Ryan Parrott and Abel’s Rogue Sun #1 introduces fans to a young new hero grappling with new powers, family secrets, and some formidable foes.
Last month, Kyle Higgins, Ryan Parrott, Matt Groom, and Francesco Manna’s supermassive introduced two characters to Image Comics’ newest superhero universe. Radiant Black was joined by a hero from another dimension named Inferno Girl Red but also a fiery young hero named Rogue Sun. Now, Parrott is teaming up with harley quinn artist Abel to dive deeper into the new hero’s story in Rogue Sun #1, an exciting first issue that paints an unforgettable portrait of Image Comics’ newest hero.
Rogue Sun #1 begins with the final battle of New Orleans’ hero, the original Rogue Sun. The hero dies tragically while fighting a mysterious, cloaked figure, but his crime-fighting legacy is destined to live on. When his estranged son of him Dylan inherits the source of his father’s powers of him, the Sun Stone, the high schooler leaps at the opportunity to become a superhero despite his mother’s wishes of him. Dylan’s first experiences of him as the new Rogue Sun prove that he has some pretty big shoes to fill.
Comics have given readers countless stories about young would-be heroes in over their heads. Parrott certainly leans into this established trope, but his clever writing and sincere respect for the complexities of his characters help him. Rogue Sun #1 stand out. Dylan’s resentment for his absentee father contrasts with his excitement about him at the prospect of becoming a superhero to create a dissonance that the young hero will almost certainly have to wrestle with throughout the series. Similarly, his father’s legacy of him as a hero and failings as a parent represent the complicated distinction between a person’s public and private personas. These thought-provoking, nuanced dynamics create an emotionally turbulent environment that heightens the drama of Rogue Sun’s super-heroics.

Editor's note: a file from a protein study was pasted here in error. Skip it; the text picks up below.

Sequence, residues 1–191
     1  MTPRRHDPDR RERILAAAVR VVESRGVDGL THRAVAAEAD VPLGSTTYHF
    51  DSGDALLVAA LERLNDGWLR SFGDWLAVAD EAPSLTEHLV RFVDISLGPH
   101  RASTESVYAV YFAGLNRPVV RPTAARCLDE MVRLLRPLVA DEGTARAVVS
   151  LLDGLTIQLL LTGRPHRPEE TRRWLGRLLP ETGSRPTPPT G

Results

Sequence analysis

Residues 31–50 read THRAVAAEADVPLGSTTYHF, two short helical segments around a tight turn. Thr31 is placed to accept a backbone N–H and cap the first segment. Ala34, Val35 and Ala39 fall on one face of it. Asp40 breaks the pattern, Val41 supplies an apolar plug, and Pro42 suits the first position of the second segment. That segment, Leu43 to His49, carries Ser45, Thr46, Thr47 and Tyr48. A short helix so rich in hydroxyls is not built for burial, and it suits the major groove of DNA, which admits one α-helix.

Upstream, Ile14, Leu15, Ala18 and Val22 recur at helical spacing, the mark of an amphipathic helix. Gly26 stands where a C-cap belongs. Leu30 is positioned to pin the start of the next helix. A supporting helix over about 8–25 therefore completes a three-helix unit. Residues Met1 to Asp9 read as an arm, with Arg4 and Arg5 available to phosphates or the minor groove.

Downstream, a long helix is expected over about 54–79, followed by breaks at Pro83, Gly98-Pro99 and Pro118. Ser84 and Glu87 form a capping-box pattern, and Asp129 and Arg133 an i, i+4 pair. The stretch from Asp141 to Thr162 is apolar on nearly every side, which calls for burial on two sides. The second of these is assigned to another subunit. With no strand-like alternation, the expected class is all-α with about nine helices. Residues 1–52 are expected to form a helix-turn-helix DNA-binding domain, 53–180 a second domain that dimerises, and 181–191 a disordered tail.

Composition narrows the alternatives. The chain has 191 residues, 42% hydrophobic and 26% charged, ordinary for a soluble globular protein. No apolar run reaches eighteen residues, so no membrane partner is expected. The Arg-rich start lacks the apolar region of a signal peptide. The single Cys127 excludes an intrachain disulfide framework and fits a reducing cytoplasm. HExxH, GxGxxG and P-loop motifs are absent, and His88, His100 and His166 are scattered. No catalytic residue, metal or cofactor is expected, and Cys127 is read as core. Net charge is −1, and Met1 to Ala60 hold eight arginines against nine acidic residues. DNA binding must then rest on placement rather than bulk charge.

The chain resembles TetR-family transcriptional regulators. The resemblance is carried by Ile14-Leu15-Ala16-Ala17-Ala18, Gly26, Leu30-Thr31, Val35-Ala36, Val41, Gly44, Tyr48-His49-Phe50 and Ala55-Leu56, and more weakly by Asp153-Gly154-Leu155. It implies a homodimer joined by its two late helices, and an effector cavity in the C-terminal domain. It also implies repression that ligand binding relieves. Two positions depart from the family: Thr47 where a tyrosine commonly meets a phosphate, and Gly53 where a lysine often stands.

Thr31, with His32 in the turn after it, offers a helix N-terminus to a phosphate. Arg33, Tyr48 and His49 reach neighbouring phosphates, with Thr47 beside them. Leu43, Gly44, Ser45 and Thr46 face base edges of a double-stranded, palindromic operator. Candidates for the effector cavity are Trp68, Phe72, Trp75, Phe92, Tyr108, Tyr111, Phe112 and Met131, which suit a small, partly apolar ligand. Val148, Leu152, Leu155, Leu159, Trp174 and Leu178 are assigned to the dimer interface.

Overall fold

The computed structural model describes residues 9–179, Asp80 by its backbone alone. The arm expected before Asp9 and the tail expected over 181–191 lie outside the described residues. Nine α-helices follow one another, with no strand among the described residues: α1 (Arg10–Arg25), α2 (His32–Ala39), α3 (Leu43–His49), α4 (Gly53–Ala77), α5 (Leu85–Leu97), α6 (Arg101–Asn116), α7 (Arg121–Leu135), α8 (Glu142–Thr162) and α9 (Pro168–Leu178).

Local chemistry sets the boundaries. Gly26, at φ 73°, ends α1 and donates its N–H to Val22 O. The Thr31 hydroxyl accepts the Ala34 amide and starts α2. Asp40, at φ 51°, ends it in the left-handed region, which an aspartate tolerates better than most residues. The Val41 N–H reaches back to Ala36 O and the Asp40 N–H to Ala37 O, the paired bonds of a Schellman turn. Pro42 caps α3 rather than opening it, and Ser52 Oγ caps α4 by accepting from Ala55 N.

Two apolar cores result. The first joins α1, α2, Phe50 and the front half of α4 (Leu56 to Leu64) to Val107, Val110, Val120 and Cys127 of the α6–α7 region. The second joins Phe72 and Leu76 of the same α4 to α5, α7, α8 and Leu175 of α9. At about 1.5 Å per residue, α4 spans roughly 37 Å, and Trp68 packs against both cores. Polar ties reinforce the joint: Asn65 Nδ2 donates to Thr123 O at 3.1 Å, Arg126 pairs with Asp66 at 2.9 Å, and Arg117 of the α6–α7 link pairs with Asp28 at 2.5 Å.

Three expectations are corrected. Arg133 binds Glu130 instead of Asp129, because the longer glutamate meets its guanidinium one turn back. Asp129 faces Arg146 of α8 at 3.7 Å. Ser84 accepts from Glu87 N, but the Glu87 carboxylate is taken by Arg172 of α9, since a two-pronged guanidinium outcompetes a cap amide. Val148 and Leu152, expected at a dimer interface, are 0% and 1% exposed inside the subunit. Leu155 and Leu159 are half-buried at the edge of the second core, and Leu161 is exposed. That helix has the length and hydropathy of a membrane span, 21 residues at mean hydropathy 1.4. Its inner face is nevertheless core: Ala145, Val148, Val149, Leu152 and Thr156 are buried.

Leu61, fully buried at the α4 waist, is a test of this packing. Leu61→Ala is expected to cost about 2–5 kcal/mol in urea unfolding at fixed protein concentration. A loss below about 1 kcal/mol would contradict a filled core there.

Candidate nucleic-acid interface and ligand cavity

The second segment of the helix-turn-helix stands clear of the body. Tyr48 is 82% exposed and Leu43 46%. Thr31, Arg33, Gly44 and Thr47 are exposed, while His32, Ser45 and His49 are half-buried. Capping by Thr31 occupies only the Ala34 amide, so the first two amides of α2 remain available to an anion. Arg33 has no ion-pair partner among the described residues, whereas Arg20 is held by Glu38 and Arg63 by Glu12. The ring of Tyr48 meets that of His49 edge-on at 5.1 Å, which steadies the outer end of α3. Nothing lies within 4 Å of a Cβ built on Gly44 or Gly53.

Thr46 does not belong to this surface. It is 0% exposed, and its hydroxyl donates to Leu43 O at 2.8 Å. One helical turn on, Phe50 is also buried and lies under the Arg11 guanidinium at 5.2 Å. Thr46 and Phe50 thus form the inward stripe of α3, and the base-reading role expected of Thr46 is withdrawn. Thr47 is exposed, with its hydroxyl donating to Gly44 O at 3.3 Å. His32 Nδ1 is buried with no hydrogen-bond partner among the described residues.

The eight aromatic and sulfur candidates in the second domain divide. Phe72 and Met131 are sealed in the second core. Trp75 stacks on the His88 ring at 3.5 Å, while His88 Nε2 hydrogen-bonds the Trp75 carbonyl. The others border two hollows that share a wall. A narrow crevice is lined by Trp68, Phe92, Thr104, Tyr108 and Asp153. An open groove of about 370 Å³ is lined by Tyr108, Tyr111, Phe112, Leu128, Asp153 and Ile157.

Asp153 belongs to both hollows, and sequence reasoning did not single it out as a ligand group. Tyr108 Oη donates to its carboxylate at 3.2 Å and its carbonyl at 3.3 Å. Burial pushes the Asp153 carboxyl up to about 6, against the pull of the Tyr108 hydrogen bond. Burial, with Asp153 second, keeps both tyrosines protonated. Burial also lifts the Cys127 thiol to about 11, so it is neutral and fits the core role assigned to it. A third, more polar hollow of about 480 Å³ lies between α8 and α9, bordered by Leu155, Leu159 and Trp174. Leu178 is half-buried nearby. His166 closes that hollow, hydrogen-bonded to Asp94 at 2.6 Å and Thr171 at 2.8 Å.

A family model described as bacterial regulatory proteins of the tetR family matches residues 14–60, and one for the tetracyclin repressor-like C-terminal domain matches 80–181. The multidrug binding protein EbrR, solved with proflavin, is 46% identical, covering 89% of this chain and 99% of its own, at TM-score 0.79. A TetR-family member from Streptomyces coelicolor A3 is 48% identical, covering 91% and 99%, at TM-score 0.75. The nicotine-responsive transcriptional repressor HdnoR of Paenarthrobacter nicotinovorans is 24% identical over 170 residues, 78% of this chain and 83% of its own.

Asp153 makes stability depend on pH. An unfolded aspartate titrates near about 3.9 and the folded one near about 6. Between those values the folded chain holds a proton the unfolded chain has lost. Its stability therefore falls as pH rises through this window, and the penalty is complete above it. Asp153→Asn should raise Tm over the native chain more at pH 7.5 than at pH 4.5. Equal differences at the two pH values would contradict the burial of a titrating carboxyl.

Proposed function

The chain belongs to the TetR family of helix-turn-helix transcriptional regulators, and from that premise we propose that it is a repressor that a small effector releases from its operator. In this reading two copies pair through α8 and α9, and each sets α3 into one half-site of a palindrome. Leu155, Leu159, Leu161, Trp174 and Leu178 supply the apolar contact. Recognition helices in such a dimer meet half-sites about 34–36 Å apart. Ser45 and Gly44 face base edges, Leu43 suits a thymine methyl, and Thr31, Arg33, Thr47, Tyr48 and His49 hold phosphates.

Abel’s art takes Rogue Sun #1 from the streets of New Orleans to the halls of a high school before exploring a palatial mansion. His work by him captures the brutal excitement of high-stakes fights with the same ease and grace as his depictions of quiet, emotionally charged conversations. Abel’s designs from him all feel remarkably grounded in reality, which makes the outlandish nature of some of the villains especially striking. His work on him gives credence to the history of heroes and villains that Parrott is developing. Chris O’Halloran’s colors highlight the action and add a vibrant tone to Abel’s character designs. His keen sense of lighting will certainly come in handy as the fiery hero’s adventures continue.
Seasoned comics readers will find plenty of familiar concepts in Rogue Sun #1, but Parrott’s compelling characters breathe fresh life into the idea. Dylan is a complicated character who has just taken on more responsibility than any high schooler should ever have to deal with. Fans will learn a lot about Dylan and the world of Rogue Sun in upcoming issues, but it’s already clear that he has all the makings of an entertaining hero. Abel’s art makes every page of this action-packed debut issue absolutely thrilling. This first issue is an excellent reminder of the timeless and entertaining nature of superheroes.
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